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Is Tony Ferguson the most exciting fighter in MMA?

Kevin Iole
Combat columnist

LAS VEGAS – There are fighters in the UFC that you can absolutely bank on delivering a jaw-dropping bout every time they compete.

That list includes, but is hardly limited to, fighters like Joe Lauzon and Donald Cerrone, Diego Sanchez and Edson Barboza, Nate Diaz and Jim Miller, Frankie Edgar and Justin Gaethje.

And then there is Tony Ferguson, the No. 2 lightweight in the UFC’s rankings who just may be in a league of his own when it comes to bringing the fans out of their seats with mind-blowing fight action.

Ferguson will face Kevin Lee on Saturday in the main event of UFC 216 at T-Mobile Arena for the interim lightweight belt. As fight night nears, it’s remarkable that Ferguson isn’t a bigger name – the biggest name – considering what he delivers every time out.

If you’re not a fight fan, Ferguson will make you one. If you are, he’ll keep you enthralled night after night with high-paced, high-contact, TV-friendly action.

Ferguson is on a nine-fight winning streak, which is tied for the seventh-longest in UFC history. Consider, though, his last five:

• Feb. 28, 2015, a first-round submission of Gleison Tibau with a rear-naked choke at UFC 184 in Los Angeles. That earned him a Performance of the Night bonus.

• July 15, 2015, a three-round unanimous decision victory over Josh Thomson at UFC Fight Night in San Diego, which also earned a Performance of the Night bonus.

• Dec. 11, 2015, a second-round submission of Barboza with a D’Arce choke at “The Ultimate Fighter Finale” in Las Vegas in which Ferguson earned Fight of the Night and Performance of the Night bonuses.

• July 13, 2016, a second-round submission of Lando Vannata with a D’Arce choke in Sioux Falls, S.D., that won Fight of the Night.

• Nov. 5, 2016, a five-round unanimous decision victory over ex-lightweight champion Rafael dos Anjos in Mexico City that was also Fight of the Night.

Can UFC turn the Tony Ferguson-Kevin Lee winner into a superstar?

That’s five wins in five fights, including four submissions that earned him Three Fight of the Night bonuses and three Performance of the Night bonuses.

On top of wondering how he didn’t get any more consideration for 2015 Fighter of the Year, are there any questions about Ferguson that he hasn’t answered?

Is it even a question that he’s not only among the elite of his division but that he’s among the elite in any division? Ferguson’s exclusion from the UFC’s pound-for-pound rankings destroys the credibility of the voters, where 11 of the 15 didn’t think he was as much as the 15th-best fighter in the UFC.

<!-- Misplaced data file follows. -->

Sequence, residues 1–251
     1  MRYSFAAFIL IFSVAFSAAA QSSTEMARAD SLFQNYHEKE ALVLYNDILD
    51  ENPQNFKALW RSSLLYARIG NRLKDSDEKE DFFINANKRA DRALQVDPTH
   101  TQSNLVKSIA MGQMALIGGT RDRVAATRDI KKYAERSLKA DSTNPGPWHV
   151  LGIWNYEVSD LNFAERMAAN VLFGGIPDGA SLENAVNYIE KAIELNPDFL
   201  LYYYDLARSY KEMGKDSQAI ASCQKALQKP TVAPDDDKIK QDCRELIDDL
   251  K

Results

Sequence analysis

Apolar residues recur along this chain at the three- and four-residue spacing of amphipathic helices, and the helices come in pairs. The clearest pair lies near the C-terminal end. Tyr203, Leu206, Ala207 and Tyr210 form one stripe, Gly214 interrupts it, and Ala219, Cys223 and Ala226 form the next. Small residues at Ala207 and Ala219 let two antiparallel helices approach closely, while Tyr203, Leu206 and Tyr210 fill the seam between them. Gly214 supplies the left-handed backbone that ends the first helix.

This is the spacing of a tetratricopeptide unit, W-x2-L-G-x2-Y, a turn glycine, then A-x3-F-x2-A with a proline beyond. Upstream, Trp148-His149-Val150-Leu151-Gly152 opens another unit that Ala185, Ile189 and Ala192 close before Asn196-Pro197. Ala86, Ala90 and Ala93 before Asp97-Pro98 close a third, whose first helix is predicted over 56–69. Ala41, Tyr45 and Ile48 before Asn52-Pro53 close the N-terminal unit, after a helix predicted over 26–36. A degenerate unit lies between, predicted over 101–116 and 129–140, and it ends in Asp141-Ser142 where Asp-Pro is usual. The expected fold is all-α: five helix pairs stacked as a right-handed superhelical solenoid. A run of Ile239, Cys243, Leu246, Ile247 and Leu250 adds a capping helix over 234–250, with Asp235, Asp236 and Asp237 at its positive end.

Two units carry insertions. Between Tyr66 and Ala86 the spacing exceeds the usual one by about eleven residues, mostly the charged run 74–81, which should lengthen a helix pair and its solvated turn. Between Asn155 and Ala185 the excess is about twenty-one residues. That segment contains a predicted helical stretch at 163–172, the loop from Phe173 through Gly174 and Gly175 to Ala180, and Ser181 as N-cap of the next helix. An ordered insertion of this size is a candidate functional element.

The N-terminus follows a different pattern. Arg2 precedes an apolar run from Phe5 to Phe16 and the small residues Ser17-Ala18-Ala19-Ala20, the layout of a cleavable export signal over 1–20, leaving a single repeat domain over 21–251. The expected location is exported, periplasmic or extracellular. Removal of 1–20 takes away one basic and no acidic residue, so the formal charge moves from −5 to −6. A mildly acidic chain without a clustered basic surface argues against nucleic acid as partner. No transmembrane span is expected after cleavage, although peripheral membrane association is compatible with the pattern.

If you’re not among the 15 best in the UFC regardless of weight after winning nine in a row and 12 of 13 along with a Knockout of the Night, a Submission of the Night, three Performance of the Nights and three Fights of the Night, well, I’m not sure what else the man can do.

Ferguson doesn’t have to worry about such petty things given he has the opportunity to win a title belt on Saturday. Beating Lee, who himself has been on a roll, would not only make him a champion but it would increase his visibility worldwide.

“I believe I’m the best lightweight in this division,” Ferguson said. “I don’t know about Kevin, but I know for sure that I’ve earned my place here. I’ve got nine consecutive victories … and the only person who can really touch on that is [flyweight champion] Demetrious Johnson. When you put in the numbers and you put in the time and you put in the effort, you’re going to get something out of it. And I just got down from the mountain and I feel like a Neanderthal, man, and I’m not putting up with anybody’s [expletive]. This is my time.”

Ferguson has been an angry young man as fight night approaches. He’s been overshadowed, as so many fighters have, by the near-total eclipse cast by lightweight champion Conor McGregor.

McGregor, who is not scheduled for a fight and who has never defended either of the two titles he has won in the UFC, hasn’t discussed his plans. Talk, though, is that he’ll wind up facing Diaz in his next outing, settling their series with a rubber match.

That raises Ferguson’s ire, and it doesn’t take much to set ‘El Cucuy’ off. He nearly got into a brawl with ex-heavyweight champion Fabricio Werdum last week when Werdum spoke while Ferguson was speaking to the media at a luncheon in Los Angeles.

The thought that he’s fighting for an interim belt and isn’t guaranteed to get McGregor with a win blows him away.

“It’s been my division before ‘McNuggets’ even stepped into this [expletive],” Ferguson said. “Even when I was at Paradigm Sports Management (which also manages McGregor) he signed up at 145 pounds and the agreement was he wasn’t going to come up to 155 pounds, but that raises a conflict of interest.

“I’m pissed. That [expletive] needs to fight me or he needs to fight the guy that’s holding the belt.”

Ferguson spent the last two months training about 7,000 feet elevation in Big Bear Lake, California. He’s always been magnificently conditioned, but he’s pushed himself this time beyond where he’s ever been before.

He’s been publicly dismissive of Lee, but he obviously knows that Lee, while less experienced, is the total package.

Ferguson, though, knows what he wants and has done everything in his power to make it happen.

“It’s cold, it’s dark, I’m running with the bears and the coyotes and I’m [a expletive] roadrunner, man,” Ferguson said of his work in Big Bear. “I’ve been out there literally climbing thousands and thousands of feet every single day with 50-pound packs and once I get to the top I’m doing mitts and I’m flipping boulders and I’m carrying this [expletive].

“I’m being a Neanderthal man. I’m a mountain man right now, so any of all this [expletive] that’s going to try to bring me down, I’m putting it to the side and I just can’t wait till I get my hands on this kid.”